Vancouver Symphony: June 2001

Modern Masterworks

Venue: The Orpheum

Dates: 16 and 18 June 2001

Reviewer: J. H. Stape

The closing concert of the Vancouver Symphony's 2000-01 season featured clever programming of a high order. Apparently determined to stretch Vancouver audiences out of their stubbornly anti-modernist bent, Maestro Tovey had the sparkling lure of Carmina Burana on the hook. Why not preface it by two ruthlessly modern soundscapes? The formula--ruse if you will--worked superbly, and those who came mainly for Orff's populist strains were, willy nilly, stimulated, irritated, or made thoughtful by the work of Charles Ives and Thomas Adès (pronounced Adesh).

This mixture of popular music and cerebral modernism was also a fitting tribute to the late composer and Burnaby resident Nicolai Korndorff, who passed away two weeks ago, the concert opening with the first movement of Bach's Piano Concerto in D minor played in Korndorff's memory with his youngest composition student, nine-year-old wunderkind Ian Wu, as soloist. How apt that this joyful performance promising continuity marked the passing of a life dedicated to music.

"General William Booth Enters into Heaven," a tribute to the Salvation Army's founder written in 1912 by American poet Vachel Lindsay and set by Charles Ives in 1914, was given an idiomatic rendition by baritone Brett Polegato. Aside from the frequently repeated line "Are you Washed in the Blood of the Lamb?" the text came across only in fits and starts, and it would have increased appreciation to have the poem in the programme, especially as we were given the complete text of Carmina Burana. Polegato's light baritone was pleasantly caressing, sensitively conveying the distinctly brash American idioms of this brief and dramatic composition whose urgency aptly suggested Booth's obsessive and fixated mission based on unwaveringly firm conviction.

Maestro Tovey put on a charm offensive for British composer Thomas Adès' more daunting 1997 composition "Asyla" (the plural of asylum), reminding listeners that an asylum was both a refuge and a place of incarceration. He also introduced and commented on the enormous and exotic forces required, including, in an augmented orchestra, a bass flute, a contrabass clarinet, a bass oboe, cowbells, paint tins, a plate of knives, and a water gong, no less than two upright pianos (one at honky tonky pitch), a grand piano, and a celeste, to say nothing of seven percussionists manipulating a variety of drums.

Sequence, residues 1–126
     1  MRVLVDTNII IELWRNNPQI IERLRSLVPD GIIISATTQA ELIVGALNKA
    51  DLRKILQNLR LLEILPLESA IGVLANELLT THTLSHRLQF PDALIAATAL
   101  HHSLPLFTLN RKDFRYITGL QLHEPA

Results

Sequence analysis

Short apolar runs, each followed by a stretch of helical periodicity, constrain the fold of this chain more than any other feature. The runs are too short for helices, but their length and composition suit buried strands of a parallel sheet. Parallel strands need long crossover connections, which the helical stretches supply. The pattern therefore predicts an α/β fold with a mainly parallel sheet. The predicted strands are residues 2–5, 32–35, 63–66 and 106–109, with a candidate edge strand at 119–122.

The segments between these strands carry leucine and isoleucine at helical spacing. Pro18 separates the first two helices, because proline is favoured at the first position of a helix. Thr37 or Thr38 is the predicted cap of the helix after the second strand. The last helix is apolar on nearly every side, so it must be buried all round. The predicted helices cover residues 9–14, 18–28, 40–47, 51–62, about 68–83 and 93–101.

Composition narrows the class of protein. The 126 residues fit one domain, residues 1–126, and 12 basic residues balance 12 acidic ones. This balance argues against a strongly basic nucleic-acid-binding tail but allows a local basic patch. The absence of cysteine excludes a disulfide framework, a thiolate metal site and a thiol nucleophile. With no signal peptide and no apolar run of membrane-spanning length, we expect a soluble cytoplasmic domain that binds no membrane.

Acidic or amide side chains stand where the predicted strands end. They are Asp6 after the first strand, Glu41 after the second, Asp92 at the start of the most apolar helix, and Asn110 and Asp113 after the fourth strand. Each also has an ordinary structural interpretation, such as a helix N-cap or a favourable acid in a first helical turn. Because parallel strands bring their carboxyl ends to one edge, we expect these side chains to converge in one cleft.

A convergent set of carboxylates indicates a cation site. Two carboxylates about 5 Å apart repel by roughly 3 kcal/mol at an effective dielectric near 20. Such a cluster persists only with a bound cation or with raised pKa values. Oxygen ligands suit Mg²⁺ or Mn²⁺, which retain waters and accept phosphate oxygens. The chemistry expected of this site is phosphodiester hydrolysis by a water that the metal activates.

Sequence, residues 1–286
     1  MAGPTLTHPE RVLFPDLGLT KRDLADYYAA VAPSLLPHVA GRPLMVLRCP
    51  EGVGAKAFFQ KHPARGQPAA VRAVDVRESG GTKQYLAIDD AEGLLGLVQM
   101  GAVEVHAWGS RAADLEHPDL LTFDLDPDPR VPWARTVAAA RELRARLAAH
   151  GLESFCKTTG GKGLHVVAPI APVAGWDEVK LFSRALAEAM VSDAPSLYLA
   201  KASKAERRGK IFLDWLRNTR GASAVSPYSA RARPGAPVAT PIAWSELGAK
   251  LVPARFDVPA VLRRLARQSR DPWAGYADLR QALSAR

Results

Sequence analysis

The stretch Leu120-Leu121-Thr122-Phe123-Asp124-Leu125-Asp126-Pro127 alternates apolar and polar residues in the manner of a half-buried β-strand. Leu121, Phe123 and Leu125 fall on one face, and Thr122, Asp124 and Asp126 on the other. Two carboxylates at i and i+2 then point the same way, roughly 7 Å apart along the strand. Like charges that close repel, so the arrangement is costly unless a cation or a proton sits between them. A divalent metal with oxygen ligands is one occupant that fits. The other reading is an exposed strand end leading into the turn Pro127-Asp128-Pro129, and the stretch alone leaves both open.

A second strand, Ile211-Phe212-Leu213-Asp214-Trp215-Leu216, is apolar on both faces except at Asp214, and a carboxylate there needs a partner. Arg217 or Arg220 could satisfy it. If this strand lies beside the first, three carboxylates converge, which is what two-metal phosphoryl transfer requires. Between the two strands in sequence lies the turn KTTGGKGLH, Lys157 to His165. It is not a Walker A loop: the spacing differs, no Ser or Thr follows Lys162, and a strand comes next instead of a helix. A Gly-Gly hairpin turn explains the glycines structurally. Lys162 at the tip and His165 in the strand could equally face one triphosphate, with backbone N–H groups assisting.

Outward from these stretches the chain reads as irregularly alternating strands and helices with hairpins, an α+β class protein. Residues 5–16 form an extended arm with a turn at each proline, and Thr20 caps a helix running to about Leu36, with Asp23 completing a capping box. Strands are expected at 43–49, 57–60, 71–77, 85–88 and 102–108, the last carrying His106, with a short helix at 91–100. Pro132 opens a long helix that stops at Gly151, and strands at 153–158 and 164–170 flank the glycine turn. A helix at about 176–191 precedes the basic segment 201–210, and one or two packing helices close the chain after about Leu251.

Filled to bursting point, the stage promised music of a loud, brassy, and flashy kind: the visual message was that size does count. But this was mere false advertising: the haunting four movement work offered an intensely etched portrait of a soul lost in its darkest corners, battling manic energy, neurotic obsession, and extreme lucidity in turn. Nervous and exhuberant, tranquil and lethargic, this is music that needs and deserves to be heard again and again, although the sheer size of the orchestra required ensures that this must be on compact disk rather than in the concert hall.

To move from Adès' broodingly intense score and the refuges of the spirit to Orff's joyously sensual celebration of wine, women, and song is to move from darkest night to brightest sunshine. True, the sunshine is overly bright at times, and the work's 1937 composition date partly explains why. It is, to use a 1950s word, quintessentially "life-affirming."

Maestro Tovey gave this full-bodied scorea dashing reading, and it would be churlish and pedantic to note the occasional ragged edge or hurried tempo. The Vancouver Bach Choir and Vancouver Youth Choir performed their hearts out. Soprano Tracy Dahl offered plangent beauty of tone to her role as Primavera incarnate, although her lovely voice is possibly too mature to convey the music's virginal freshness. All too briefly did we hear tenor Benoit Boutet, whose roasting swan was a delightful confection to the ear, delivered with a camp sense of humour. Brett Polegato sang intelligently, but at times his voice was too light for his role as the lusty masculine principle seducing spring into summer.

This was, in short, a gloriously full evening, at turns challenging and entertaining, charming and disturbing. What a triumphant finale to a fine season.

© 2001, J. H. Stape

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